An ancient forest at the end of the world is facing an unprecedented threat. Since mid-January, bushfires sparked by lightning storms have raged across northwest Tasmania, home to relic forests representing a time when the island was part of Gondwana 180 million years ago.
Tens of thousands of wildfires ravaged Indonesia in September and October. A sizable portion of these blazes was smoldering subterranean peat fires, which sent toxic gas and particulate matter into the atmosphere. This new map shows the extensive spread of one particularly nasty gas: carbon monoxide.
In Wildfire, a firefighter is utterly captivated by the flames which surround her, and it’s an obsession that begins to spill into her personal life.
The devastating result of several years of drought and a recent heatwave, California’s fastest-burning wildfires in decades have destroyed over a hundred homes and forced thousands of residents to flee over the weekend.
Alaska’s wildfires burned through their 5 millionth acre this week, making 2015 the third most destructive wildfire season ever recorded in the state, and NASA’s Terra satellite captured this striking image of the fires from above.
Water-bombing aircraft are pretty standard wildfire-fighting equipment. Helicopters that spew fire onto the forest? Not so much.
A wildfire has burned through nearly 46,000 acres and closed two highways north in Lake County, north of San Francisco, The Guardian reports. A firefighter was killed in a second fire, near the border with Oregon.
After three separate instances of drones grounding firefighting efforts, a Southern California county is getting serious about finding and punishing their operators. San Bernardino County Supervisors have offered a $75,000 reward which they hope will entice people to come forward with information about the quadcopters…
Last week firefighting crews couldn’t do their job because five amateur drones were circling the area. And this wasn’t the first time. Drones are getting in the way, and some lawmakers in California want to change all that. Specifically they’d like to give emergency responders the legal ability to disable drones.
Smoke plumes from last month’s wildfires in Alaska and Canada wrapped all the way around the Arctic circle in less than two weeks.
A giant wildfire currently spreading through Southern California’s Cajon Pass is burning cars on the freeway in what the San Bernardino County Fire Department is calling a “multi-casualty incident.” But the firefighters also issued a report that due to a drone seen flying in the area, they couldn’t get their…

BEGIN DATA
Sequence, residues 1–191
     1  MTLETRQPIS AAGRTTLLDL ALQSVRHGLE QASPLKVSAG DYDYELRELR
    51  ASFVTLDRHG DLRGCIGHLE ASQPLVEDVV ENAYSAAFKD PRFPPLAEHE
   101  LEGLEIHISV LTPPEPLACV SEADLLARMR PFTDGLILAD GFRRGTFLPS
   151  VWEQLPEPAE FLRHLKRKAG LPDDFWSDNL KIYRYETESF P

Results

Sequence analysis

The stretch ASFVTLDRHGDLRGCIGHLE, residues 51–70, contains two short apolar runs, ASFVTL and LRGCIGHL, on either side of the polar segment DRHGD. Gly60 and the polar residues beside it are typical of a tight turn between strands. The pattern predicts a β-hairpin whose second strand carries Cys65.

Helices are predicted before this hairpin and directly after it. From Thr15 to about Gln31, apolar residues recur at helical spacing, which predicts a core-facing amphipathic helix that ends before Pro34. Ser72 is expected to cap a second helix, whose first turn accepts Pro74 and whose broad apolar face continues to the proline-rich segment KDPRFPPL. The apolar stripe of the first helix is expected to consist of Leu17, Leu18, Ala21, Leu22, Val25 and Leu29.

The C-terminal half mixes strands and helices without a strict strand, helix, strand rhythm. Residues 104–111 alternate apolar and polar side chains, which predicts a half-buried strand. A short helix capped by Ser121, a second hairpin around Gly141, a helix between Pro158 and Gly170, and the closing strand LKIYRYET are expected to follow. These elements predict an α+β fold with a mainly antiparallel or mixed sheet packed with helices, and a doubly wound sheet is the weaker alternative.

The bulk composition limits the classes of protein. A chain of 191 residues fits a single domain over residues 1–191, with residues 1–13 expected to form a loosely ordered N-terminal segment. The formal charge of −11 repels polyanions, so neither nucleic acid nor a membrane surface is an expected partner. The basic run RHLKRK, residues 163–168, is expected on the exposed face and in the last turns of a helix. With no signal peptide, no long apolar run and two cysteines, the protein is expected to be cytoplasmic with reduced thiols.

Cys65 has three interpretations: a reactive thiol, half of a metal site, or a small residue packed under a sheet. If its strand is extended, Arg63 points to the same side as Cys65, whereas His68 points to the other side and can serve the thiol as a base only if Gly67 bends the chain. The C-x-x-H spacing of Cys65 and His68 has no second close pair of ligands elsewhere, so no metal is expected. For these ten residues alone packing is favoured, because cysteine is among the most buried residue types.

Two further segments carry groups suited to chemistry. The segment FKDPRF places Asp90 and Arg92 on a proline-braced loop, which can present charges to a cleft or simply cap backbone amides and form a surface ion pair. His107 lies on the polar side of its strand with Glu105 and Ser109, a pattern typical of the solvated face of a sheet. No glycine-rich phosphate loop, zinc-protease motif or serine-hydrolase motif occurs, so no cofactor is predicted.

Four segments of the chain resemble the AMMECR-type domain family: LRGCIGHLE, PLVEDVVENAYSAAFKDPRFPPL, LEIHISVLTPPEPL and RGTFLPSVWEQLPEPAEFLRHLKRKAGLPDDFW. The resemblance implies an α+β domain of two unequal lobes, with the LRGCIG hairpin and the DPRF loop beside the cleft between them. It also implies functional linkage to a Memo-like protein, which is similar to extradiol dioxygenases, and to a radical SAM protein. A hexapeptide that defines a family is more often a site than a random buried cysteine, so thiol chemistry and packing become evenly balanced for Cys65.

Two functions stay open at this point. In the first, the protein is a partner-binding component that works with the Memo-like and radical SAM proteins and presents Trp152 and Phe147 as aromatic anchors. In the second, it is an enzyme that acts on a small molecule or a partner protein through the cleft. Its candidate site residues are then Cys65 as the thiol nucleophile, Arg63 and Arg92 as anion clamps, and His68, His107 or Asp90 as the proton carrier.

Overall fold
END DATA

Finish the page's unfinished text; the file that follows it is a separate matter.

Last week, I took a trip up to northern Saskatchewan, to the edge of the boreal forest. It’s an area very close to what locals call the bush. I’d come to camp with family and friends at Emma Lake, but when we arrived we discovered that we were deep inside one of the biggest wildfire outbreaks in years.
Wildfires are tearing across Alaska and western Canada at a record-breaking rate this summer. But stands of blackened trees and cross-continental plumes of smoke are only the most visible signs of damage from the 300 or more fires currently raging. The biggest concern may be what’s happening below ground.
The drought hitting the West is not just striking the continental US. That same weather pattern that’s sucking the life out of California is also making life hot, dry, and dangerous for the top third of North America: Alaska and Canada have seen little rainfall, soaring spring temperatures, and now, a record-breaking…
There are plenty of very good, fun, and helpful things that drones can do—things like monitoring crops and delivering beer and saving lives. Unfortunately, over the weekend, the Federal Aviation Administration (FAA) released the first draft of its rules for commercial drones, and guess what? The rules would make a…
The faster you can pour water on a forest fire, the faster you can put it out. And this prototype aerial water-bucket system from Spanish designers Inventec sucks up water three times faster than existing systems.
Picture this: a drought-fueled wildfire is heading for Los Angeles, and fast. Millions of lives are at stake, and water can't stop it. When suddenly, a helicopter—armed with what can only be described as a giant cannon—flies straight for flames and BOOM. There's an explosion, and the fire's gone.
California's chief snow surveyor ventured into the Sierras this week to see how much water the state can expect from the spring melt—and he came back with very bad news. The devastating drought that the state's been dealing with the past few months will continue to devastate for the foreseeable future.